• City of Anacortes Planning
  • Revision of the Critical Areas Ordinance of the City of Anacortes in relation to protecting wetlands

The City Council of Anacortes will soon approve or reject proposed revisions to the city’s Comprehensive Plan and Critical Areas Ordinance. There are 2 items of particular interest to Skagit Audubon:

  • Possible changes to wetland buffer requirements that would affect the city’s proposed routing of the Guemes Channel Trail through the buffer of the Ship Harbor Interpretive Preserve, which Skagit Audubon opposes.
  • Adoption of Skagit Land Trust’s proposed revision to better protect large heronries, which Skagit Audubon supports.
  • Periodic update (every 8 years) of the Shoreline Master Program as required by the Shoreline Management Act.

In November or December, there will be a joint Department of Ecology/City of Anacortes public hearing & comment period.

Issues needing action:   

Some of the best ways for Audubon members to be advocates for the protection of birds and other wildlife and their habitat are to receive and act on action alerts from Washington Audubon and National Audubon. Sign up for Washington Audubon’s Action Network at https://act.audubon.org/onlineactions/JGKjknsVTUKMSr4BoP2Nvw2. Recognizing that climate change poses the greatest of all threats to birds, Audubon Washington is especially focused on advancing policies and laws to reduce greenhouse gas emissions. Find and participate in National Audubon’s current issue campaigns at https://www.audubon.org/takeaction. Sign up there to receive alerts.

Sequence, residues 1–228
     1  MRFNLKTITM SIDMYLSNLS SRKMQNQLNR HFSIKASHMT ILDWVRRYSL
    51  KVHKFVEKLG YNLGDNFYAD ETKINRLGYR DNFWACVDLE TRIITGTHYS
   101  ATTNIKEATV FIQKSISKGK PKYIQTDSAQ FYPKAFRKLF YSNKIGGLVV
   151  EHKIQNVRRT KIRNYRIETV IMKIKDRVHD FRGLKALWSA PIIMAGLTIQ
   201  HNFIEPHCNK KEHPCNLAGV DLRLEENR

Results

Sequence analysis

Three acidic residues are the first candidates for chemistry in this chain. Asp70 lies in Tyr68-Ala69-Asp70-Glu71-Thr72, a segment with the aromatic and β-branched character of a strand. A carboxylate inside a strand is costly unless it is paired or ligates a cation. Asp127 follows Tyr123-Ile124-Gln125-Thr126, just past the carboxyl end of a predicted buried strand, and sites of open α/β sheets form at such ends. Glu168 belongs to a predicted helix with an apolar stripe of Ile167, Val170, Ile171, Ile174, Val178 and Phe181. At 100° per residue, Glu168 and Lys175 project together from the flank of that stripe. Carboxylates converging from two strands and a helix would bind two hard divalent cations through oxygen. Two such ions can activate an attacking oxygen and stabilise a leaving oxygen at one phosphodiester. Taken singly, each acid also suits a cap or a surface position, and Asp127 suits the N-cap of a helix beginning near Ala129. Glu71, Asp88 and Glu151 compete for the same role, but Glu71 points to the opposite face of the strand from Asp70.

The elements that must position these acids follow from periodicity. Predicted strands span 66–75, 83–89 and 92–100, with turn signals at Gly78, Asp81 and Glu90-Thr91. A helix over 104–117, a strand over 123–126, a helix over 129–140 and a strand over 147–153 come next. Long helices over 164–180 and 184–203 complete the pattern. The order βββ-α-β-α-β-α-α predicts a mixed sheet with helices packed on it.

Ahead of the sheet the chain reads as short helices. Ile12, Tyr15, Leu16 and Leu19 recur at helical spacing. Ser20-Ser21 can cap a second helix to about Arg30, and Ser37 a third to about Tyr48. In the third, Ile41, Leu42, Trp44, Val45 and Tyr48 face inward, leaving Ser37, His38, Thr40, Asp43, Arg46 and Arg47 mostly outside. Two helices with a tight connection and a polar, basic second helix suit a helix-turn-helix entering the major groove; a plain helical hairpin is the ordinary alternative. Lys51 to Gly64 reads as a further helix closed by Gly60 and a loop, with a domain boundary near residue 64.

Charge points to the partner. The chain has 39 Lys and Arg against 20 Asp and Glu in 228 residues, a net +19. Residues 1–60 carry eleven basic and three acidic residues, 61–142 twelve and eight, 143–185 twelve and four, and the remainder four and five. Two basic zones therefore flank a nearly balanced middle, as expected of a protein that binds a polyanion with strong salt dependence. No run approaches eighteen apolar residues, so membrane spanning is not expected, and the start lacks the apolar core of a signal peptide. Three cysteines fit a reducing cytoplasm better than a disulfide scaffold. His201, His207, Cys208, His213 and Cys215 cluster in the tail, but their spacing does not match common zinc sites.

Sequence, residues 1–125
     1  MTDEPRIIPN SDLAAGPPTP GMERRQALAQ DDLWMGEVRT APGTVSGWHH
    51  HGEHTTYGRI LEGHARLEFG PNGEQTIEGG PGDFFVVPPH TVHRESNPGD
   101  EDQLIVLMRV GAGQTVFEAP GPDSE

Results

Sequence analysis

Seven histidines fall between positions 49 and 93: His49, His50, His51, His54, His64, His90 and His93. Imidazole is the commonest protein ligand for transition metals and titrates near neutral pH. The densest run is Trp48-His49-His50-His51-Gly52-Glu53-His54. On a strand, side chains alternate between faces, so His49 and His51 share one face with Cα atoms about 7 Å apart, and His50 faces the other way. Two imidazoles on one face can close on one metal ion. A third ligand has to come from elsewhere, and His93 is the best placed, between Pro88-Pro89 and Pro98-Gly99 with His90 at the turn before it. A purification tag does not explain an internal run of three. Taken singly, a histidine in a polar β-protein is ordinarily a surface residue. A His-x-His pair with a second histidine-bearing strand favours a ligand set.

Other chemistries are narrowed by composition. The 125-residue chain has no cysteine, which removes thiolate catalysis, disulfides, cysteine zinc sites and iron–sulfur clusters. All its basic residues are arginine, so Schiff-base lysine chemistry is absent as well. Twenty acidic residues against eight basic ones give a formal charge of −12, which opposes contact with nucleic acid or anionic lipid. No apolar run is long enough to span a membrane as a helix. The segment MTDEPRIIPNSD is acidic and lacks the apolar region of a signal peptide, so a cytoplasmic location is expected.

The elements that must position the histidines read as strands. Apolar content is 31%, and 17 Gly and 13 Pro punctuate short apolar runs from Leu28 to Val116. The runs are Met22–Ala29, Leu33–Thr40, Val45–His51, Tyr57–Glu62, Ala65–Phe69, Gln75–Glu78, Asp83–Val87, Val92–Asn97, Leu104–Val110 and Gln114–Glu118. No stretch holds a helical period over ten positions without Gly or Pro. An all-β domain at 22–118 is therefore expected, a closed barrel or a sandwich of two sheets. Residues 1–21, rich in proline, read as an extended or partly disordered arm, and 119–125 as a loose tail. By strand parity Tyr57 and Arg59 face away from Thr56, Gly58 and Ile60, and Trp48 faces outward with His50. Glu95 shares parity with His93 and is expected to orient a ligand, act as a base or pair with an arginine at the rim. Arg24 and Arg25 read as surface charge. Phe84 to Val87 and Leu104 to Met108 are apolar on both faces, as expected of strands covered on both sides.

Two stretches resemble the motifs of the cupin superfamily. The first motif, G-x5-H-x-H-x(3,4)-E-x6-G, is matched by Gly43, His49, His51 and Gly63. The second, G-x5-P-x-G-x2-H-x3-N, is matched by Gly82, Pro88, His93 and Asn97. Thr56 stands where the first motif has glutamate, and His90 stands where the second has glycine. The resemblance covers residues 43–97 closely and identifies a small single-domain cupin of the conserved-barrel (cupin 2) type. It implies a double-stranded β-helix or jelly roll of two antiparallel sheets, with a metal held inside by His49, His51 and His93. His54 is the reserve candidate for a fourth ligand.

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Skagit Audubon Society holds monthly meetings on the second Tuesday of each month except for the months of July and August. We meet at 7:00 pm at Padilla Bay Interpretive Center(Google map), 10441 Bayview-Edison Rd. Mount Vernon. Meetings are open to all.

The board of directors meets at the same location at 7:00 pm on the first Tuesday of each month, except for the months of July and August.